The two worst tendencies I’ve come across for myself are the desire to over complicate things, and the desire to skip ahead. This can affect many areas of life, and one of the more practical things it sabotages is my health. Be it diet or exercise, these two things are more than capable of robbing one of results and motivation.
So, simplify, simplify.
Paul “Coach” Wade’s Convict Conditioning is simple and straightforward. Wade, a former inmate of the U.S. prison system, learned and taught calisthenics during his over 19 years of incarceration. Over the years he got the nickname “Coach” for teaching other inmates, and has since systemized his program.
Friday, May 25, 2012
Wednesday, May 16, 2012
"Slow and steady wins the race" is a rather famous proverb that has gone onto cliche status. Its said and said and said, but in a moment of understanding, I think I'm getting the deeper meaning of it. "Slow and steady" might be more accurately phrased, "patient and disciplined."
For instance, right now I'm starting a very basic calisthenics program. The book warns about skipping ahead because you'll lack the necessary foundation for later exercises and programs. Is that necessary? Yes, I think it was a well needed part of the book. Its so simple and "easy" that the temptation to skip ahead is definitely there. Could I? To an extent. However, since I'm basically starting from scratch, its actually a very poor idea.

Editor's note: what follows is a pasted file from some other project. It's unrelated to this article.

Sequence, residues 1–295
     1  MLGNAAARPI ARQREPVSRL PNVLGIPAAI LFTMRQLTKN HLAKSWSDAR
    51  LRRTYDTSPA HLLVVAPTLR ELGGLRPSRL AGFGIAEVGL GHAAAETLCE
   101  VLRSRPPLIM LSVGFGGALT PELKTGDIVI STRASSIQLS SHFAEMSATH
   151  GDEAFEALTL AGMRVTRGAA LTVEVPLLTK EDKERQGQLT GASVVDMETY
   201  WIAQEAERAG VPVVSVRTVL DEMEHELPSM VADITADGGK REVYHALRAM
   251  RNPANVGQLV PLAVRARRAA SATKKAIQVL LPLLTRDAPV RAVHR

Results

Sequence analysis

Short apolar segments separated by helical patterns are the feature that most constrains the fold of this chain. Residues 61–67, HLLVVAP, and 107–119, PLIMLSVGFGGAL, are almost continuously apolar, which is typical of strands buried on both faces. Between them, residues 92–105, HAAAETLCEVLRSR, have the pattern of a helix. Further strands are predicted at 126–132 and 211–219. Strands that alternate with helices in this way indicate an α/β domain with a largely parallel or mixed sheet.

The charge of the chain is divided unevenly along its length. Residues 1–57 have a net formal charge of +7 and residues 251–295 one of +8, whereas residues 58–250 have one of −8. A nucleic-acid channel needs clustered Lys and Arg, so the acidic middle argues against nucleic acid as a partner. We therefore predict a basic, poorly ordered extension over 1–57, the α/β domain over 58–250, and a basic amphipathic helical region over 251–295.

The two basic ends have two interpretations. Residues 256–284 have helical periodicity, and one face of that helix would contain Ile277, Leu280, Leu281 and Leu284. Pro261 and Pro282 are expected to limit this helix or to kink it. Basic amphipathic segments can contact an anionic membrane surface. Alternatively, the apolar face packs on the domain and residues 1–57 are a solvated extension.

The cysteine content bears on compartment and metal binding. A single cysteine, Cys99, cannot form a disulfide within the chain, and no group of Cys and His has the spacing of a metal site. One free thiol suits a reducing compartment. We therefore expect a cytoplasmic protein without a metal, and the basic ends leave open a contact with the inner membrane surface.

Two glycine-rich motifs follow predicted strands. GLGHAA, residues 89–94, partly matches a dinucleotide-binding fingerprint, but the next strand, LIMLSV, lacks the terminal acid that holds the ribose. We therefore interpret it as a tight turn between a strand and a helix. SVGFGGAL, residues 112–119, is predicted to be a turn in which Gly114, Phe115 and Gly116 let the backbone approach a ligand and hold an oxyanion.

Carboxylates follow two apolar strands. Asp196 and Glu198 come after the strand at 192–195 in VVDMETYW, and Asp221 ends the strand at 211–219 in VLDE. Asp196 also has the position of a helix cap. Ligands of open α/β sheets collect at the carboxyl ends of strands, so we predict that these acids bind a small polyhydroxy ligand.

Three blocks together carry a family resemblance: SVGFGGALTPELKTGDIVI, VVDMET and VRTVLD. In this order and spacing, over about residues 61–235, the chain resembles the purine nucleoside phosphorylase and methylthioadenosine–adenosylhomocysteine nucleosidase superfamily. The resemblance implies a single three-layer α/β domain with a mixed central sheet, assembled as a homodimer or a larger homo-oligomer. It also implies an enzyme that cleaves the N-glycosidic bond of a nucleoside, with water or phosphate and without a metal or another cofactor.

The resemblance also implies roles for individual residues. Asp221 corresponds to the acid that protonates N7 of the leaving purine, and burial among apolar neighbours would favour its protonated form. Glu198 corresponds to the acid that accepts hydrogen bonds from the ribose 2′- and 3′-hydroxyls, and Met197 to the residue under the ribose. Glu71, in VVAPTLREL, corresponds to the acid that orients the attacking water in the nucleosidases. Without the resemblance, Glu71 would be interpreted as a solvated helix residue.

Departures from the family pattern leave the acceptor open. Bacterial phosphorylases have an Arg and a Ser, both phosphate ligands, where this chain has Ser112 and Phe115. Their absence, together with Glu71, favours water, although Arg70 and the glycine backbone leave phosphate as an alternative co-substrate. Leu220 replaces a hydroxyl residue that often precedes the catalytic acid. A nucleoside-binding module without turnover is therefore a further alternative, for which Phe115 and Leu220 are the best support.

The last time I got injured doing any sort of exercise it was because I skipped ahead. I hadn't worked out in a while, and went back to about where I was before rather than starting at a lower-level. Well, guess what? I pinched a nerve because I didn't have the strength to perform the exercise correctly. I spent over a week in excruciating pain, requiring medicating along with physical therapy, and that pain lingered for months after as my right arm was of limited use.
Overtraining, and the injuries it can bring, provides a good lesson for life.
Looking back at other past activities and failures, it seems to be an annoyingly common pattern. Going in with gusto, only to burn out later on. From exercise to diet to (re)learning Japanese and trying to learn new things, going fast and passionately doesn't last long. Infatuation doesn't keep you going when the going gets tough.
The discipline to keep with things, to have the patience to progress as slowly as you need to, are two vastly underrated tools in my life. And as such, two rather underdeveloped ones at that. But, well, at least now I can ponder what I'm doing a bit better. And its all thanks to a realization brought about from a calisthenics book.